An example of oblivion is someone’s memory after a bad head injury.
- a forgetting or having forgotten; forgetfulness
- the condition or fact of being forgotten
- official overlooking of offenses; pardon
Origin of oblivionOld French ; from Classical Latin oblivio ; from oblivisci, to forget ; from ob- (see ob-) + (prob.) levis, smooth ; from Indo-European base an unverified form lei-, slippery from source lime
- The condition or quality of being completely forgotten: “He knows that everything he writes is consigned to posterity (oblivion's other, seemingly more benign, face)” (Joyce Carol Oates).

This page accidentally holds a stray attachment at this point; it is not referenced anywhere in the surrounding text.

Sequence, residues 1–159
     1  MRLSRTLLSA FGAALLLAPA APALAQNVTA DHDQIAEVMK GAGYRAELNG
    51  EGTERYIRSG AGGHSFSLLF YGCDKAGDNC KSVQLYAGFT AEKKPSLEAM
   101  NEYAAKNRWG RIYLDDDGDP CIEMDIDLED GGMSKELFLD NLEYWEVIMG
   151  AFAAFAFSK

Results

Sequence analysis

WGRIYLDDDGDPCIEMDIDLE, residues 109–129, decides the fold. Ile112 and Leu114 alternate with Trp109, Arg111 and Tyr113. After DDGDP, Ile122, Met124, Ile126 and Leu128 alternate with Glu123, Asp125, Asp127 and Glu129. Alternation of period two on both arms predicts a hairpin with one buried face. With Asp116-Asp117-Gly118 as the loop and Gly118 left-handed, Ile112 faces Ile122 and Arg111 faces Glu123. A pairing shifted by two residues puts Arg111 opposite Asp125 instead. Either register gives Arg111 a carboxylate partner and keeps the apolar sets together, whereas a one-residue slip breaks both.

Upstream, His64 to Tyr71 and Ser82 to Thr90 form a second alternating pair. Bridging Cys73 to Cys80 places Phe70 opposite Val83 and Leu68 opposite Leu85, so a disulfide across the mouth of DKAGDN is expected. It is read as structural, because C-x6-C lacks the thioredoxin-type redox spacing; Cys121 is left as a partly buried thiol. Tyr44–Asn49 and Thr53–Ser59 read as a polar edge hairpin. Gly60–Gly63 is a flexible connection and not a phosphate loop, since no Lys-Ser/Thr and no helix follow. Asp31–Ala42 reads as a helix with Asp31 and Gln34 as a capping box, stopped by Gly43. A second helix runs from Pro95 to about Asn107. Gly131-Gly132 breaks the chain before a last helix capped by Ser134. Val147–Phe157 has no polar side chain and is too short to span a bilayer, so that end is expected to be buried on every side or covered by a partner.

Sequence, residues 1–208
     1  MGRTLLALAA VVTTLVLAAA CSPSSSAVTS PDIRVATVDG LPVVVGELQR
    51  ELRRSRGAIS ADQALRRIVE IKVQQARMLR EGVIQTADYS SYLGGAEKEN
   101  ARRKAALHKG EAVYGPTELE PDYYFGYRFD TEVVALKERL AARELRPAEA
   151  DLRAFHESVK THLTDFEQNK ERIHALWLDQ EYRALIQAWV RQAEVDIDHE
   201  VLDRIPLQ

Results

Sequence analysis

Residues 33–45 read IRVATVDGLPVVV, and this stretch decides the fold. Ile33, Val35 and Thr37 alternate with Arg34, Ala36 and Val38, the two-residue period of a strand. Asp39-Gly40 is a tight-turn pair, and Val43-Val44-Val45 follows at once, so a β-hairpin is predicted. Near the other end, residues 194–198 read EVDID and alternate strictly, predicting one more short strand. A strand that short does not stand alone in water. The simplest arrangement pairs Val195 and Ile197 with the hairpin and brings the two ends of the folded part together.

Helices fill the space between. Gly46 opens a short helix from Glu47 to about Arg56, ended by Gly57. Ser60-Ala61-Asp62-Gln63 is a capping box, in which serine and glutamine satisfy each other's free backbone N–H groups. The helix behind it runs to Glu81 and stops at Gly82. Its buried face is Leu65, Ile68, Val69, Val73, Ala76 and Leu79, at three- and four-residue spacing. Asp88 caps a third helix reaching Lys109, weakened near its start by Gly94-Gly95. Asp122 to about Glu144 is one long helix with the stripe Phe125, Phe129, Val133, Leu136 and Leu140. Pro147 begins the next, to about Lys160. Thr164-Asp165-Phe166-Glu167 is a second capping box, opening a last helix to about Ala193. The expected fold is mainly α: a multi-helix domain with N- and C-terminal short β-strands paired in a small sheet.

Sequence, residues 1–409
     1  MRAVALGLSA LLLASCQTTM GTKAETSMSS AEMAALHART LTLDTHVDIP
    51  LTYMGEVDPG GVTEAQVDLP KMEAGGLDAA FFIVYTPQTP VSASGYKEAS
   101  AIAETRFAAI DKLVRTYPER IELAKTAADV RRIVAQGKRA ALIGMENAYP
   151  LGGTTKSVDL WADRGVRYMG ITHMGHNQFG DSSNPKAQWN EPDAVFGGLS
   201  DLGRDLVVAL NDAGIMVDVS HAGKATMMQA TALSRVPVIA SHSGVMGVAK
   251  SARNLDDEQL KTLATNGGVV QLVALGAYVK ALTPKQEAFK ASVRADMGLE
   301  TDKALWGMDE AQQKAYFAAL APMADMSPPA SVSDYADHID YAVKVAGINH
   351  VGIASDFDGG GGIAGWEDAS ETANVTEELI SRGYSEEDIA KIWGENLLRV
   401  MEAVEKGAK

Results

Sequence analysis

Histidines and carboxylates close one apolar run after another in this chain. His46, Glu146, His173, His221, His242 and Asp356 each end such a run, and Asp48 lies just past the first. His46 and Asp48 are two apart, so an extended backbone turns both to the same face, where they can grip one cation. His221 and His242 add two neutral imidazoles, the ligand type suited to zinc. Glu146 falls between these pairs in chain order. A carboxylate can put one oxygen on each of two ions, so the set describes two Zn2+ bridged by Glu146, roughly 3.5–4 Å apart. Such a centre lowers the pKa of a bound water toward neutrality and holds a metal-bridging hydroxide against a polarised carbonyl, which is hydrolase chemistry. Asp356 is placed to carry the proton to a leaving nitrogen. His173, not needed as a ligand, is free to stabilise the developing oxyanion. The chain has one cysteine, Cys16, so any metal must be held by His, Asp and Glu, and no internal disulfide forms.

- The act or an instance of forgetting; total forgetfulness: sought the great oblivion of sleep.
- Archaic Official overlooking of offenses; amnesty.
Origin of oblivionMiddle English, from Old French, from Latin obl&imacron;vi&omacron;, obl&imacron;vi&omacron;n-, from obl&imacron;v&imacron;sc&imacron;, to forget; see lei- in Indo-European roots.